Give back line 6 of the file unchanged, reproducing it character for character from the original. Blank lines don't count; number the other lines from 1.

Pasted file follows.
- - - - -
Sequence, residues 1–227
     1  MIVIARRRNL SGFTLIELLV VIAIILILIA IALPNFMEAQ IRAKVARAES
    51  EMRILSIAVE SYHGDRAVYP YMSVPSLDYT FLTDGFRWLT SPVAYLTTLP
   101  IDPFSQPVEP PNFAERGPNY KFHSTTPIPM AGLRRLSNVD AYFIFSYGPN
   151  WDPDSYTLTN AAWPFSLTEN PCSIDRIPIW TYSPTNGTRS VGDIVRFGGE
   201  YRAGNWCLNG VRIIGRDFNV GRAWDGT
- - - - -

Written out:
   201  YRAGNWCLNG VRIIGRDFNV GRAWDGT